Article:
Despite losing Melky Cabrera for 50 games because of a failed drug test, the San Francisco Giants are winning games and back in first place in the NL West. So you would expect the river of Melky news and opinions to dry up.
Unless, of course, Melky and his associates attempted to buy a fake website in order to trick MLB into thinking that the outfielder shouldn't have failed his drug test, only to get caught by MLB investigators and then draw the attention of federal authorities.
Wait ... what?
According to the New York Daily News, Juan Nunez, a "paid consultant" of Seth and Sam Levinson, Melky's agents, allegedly purchased a website for $10,000.
"The idea, apparently, was to lay a trail of digital breadcrumbs suggesting Cabrera had ordered a supplement that ended up causing the positive test, and to rely on a clause in the collectively bargained drug program that allows a player who has tested positive to attempt to prove he ingested a banned substance through no fault of his own," the Daily News reports.
Unsurprisingly, MLB saw right through the plot (which, honestly, sounds a lot like building a fake Rock Ridge) and started asking questions about the website like "What is this?" and "Who owns this company?"
They quickly realized it was a fake site and now baseball, the MLBPA and apparently the feds are going to be sniffing around asking more questions.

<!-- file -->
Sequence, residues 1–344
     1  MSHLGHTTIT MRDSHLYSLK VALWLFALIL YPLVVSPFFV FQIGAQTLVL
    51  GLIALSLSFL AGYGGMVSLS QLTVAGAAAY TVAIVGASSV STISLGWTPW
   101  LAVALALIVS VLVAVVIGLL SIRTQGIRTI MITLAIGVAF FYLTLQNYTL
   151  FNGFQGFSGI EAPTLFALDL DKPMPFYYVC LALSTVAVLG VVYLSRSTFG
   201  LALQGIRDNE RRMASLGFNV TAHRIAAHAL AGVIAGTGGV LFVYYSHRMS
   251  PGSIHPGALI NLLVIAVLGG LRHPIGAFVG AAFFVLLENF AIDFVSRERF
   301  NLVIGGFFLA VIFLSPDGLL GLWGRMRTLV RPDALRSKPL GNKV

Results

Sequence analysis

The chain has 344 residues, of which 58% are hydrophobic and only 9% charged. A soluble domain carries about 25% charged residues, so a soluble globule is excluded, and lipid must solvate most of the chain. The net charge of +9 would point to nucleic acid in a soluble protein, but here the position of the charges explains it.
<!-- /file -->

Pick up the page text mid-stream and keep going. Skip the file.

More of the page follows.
The Levinsons have quickly (and wisely) distanced themselves from Nunez, saying that he's not a paid employee of their company.
“Juan Nunez is NOT a salaried employee of ACES and does NOT receive the benefits that all ACES employees receive,” Levinson said. “Most importantly, any and all calls, texts and emails that he sends come from his own PERSONAL devices (BlackBerry).”
That's a very public way of saying that the Levinsons have no interest in a subpoena for their company correspondence, thank you very much. And you can't blame them. Plus, they have Nunez backing their claim up.
“I was the only one who had dealings with the website,” Nunez said. “Neither Seth nor Sam had any dealings with the website, nor did anyone else in the firm.”
The general point of what Nunez wanted to accomplish for Melky seems to be related to Ryan Braun's escape from a suspension this past offseason. Instead, it backfired and it appears that Melky's situation will continue to draw attention throughout the duration of his 50-game suspension, into the playoffs and then into free agency.